Staff member
Gold Supporter
....but what about drivers etc?
Drivers, drivers, drivers ... these can occasionally be problematic under Linux, but progressive work is constantly improving the situation. :)

About 2 - 3 years ago, decisions were taken at a high level to focus on adding drivers to the Linux Kernel itself, and to reduce the necessity for Linux Distro Developers to have to incorporate many, many drivers in their Repositories, and/or for Users to need to source drivers either from Manufacturers (if they bothered to produce them for Linux) or other sources.

Michael Larabel, who produces the Phoronix Test Suite, a benchmarking solution, has at his website information on the new Linux Kernel v5

https://www.phoronix.com/scan.php?page=article&item=linux-2019-features&num=1

... while you may not be using 5 for some time on some Linux, you'll get the idea from scanning down the page, on what sorts of driver issues are being addressed.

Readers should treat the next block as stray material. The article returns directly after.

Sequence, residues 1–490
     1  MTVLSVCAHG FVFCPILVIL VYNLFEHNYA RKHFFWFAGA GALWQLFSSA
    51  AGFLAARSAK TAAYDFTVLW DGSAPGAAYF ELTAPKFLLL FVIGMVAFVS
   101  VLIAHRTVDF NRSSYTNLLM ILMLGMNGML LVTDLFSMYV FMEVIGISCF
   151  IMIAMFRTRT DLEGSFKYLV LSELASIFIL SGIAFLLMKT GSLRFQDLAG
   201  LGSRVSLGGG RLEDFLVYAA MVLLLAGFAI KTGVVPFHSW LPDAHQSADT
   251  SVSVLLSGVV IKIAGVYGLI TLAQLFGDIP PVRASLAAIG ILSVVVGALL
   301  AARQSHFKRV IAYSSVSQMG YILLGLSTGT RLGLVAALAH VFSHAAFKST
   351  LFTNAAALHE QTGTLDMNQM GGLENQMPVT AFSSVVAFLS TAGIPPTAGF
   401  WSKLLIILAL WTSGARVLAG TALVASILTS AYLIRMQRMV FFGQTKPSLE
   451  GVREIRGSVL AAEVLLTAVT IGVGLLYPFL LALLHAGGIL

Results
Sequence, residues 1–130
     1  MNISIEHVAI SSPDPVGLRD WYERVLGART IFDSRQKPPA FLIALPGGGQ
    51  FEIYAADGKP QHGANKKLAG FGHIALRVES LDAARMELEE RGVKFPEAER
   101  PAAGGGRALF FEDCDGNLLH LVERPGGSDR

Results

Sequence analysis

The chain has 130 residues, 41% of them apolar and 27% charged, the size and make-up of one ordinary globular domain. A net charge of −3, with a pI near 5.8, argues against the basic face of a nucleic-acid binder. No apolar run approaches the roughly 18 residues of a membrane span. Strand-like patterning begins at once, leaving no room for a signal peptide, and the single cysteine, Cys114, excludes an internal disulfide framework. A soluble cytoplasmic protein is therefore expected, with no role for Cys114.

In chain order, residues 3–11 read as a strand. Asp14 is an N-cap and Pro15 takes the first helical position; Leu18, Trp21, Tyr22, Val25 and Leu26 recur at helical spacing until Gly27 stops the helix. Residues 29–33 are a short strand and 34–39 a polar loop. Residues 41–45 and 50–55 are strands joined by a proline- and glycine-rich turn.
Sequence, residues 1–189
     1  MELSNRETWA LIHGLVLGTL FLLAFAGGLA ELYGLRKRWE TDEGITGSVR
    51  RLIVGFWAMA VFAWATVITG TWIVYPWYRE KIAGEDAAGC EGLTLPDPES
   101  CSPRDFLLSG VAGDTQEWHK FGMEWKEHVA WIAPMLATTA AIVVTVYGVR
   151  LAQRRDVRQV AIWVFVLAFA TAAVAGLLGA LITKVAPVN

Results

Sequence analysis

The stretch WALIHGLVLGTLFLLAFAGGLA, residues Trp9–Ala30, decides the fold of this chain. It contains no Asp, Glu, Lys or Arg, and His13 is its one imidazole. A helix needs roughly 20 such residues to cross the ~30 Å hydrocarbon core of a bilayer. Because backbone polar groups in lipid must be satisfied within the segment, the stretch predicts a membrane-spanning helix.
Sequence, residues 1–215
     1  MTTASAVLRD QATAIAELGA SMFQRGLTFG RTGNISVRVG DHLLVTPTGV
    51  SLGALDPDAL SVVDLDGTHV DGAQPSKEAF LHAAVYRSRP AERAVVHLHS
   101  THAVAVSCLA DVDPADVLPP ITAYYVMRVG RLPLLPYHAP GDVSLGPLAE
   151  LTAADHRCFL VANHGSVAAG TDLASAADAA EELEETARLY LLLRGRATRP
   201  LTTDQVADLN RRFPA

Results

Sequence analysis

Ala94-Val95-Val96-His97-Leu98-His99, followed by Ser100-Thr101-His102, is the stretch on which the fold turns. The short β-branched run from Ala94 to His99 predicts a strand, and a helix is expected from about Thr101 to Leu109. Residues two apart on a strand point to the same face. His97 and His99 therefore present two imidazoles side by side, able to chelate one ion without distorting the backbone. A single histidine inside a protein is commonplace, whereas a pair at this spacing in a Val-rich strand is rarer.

IMO the best way to check that your drivers are catered to is to use (with a view perhaps to installing, later) Persistence on a Live USB stick.

There is an article here from our friends at How-To Geek (HTG) on one solution

https://www.howtogeek.com/howto/14912/create-a-persistent-bootable-ubuntu-usb-flash-drive/ and another option is Geza Kovacs' Unetbootin, which is cross-platform

https://unetbootin.github.io/

These Persistence methods are not confined to just Ubuntu, you can use them on Linux Mint and other Debian-derivatives, and more, but it may be a bit of trial and error to see which work.